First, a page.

Most musculoskeletal therapists are now aware that exercise is important for rehabilitation of low-back pain symptoms. But what kind of program produces the best results?
A recent study of 148 low-back pain patients who were separated into three groups: manual therapy, muscle conditioning and low-impact aerobics. Each subject performed his/her prescribed treatment/exercise twice weekly for 12 weeks after which pain and lumbar mobility were evaluated.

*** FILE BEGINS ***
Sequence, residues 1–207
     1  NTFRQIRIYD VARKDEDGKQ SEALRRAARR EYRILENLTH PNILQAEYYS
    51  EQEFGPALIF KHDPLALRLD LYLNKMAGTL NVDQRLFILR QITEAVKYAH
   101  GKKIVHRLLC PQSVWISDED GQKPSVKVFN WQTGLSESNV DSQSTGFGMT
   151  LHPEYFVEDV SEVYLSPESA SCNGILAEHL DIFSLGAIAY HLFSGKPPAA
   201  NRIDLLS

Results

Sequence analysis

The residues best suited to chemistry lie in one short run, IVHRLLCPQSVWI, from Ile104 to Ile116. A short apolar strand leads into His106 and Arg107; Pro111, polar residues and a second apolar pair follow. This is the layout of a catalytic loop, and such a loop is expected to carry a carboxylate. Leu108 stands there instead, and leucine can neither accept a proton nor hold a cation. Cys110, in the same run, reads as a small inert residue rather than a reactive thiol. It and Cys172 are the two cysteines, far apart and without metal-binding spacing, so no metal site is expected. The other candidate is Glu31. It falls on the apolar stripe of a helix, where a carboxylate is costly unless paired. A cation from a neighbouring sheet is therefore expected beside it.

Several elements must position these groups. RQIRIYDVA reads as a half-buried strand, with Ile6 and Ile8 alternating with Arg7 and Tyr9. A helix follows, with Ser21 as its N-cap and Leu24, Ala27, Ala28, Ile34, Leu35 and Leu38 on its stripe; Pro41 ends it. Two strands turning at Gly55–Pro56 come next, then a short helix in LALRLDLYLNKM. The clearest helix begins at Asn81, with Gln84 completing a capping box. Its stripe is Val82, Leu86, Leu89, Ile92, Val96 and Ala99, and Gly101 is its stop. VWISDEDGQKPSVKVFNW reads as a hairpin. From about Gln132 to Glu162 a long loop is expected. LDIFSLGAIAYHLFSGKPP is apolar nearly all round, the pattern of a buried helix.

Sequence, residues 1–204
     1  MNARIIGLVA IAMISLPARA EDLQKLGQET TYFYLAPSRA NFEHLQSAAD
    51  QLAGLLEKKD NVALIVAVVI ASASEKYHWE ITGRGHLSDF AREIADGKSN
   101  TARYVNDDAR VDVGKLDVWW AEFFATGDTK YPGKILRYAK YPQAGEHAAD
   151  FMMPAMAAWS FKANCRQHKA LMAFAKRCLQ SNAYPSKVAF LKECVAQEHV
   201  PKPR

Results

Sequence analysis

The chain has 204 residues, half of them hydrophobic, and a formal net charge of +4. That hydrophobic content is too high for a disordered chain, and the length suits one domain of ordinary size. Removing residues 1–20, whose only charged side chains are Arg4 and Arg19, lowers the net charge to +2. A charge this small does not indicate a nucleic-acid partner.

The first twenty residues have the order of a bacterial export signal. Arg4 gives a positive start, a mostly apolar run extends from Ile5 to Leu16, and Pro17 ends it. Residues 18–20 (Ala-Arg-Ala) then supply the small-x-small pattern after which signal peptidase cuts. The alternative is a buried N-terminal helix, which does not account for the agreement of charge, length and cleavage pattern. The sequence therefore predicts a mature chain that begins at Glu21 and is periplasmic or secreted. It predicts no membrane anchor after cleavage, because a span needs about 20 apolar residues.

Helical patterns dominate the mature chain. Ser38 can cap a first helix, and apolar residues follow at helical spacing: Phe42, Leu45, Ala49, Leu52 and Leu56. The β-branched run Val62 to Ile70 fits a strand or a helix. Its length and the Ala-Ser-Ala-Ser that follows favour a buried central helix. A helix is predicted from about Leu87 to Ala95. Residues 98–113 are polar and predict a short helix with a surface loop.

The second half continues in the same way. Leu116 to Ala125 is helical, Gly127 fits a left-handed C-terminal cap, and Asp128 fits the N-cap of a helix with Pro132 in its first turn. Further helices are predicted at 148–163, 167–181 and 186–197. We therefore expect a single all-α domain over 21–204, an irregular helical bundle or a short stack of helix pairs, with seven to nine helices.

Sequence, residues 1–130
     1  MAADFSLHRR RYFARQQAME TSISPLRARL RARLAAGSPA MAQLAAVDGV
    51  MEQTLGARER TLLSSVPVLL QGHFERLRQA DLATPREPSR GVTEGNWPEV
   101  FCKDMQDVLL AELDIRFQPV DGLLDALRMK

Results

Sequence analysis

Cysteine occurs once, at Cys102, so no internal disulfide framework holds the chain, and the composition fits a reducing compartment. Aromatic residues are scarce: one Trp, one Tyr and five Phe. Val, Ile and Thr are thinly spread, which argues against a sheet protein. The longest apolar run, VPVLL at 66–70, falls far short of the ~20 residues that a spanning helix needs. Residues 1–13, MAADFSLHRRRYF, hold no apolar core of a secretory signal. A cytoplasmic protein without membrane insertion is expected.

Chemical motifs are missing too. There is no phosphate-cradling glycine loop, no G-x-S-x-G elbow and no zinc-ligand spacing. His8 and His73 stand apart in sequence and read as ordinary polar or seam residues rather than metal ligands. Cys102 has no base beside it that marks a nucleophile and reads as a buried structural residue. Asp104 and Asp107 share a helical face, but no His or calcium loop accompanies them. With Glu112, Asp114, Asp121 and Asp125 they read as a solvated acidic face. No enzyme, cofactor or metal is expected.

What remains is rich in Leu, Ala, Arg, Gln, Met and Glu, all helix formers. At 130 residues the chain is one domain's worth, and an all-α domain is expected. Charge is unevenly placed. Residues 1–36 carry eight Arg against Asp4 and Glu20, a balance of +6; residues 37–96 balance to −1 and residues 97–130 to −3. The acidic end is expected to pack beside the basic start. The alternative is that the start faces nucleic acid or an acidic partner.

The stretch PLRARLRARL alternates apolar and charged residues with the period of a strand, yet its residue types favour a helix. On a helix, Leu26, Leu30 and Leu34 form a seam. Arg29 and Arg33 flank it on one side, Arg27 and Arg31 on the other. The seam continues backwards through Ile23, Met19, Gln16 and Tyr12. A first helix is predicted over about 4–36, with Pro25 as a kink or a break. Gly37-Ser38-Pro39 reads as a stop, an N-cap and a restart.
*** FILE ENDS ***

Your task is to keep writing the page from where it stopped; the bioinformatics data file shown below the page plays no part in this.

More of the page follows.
Surprisingly, the study found all three groups experienced a similar amount of improvement in pain relief, pain frequency and ability to perform daily tasks. They also found these effects were maintained for months after their programs had ended.
This indicates that inactivity is the problem for chronic low-back pain rather than specific physiological issues. The researchers suggest that any exercise program may have a central brain effect which helps alleviate pain.
Source: Spine, 24(23), pp 2435-48.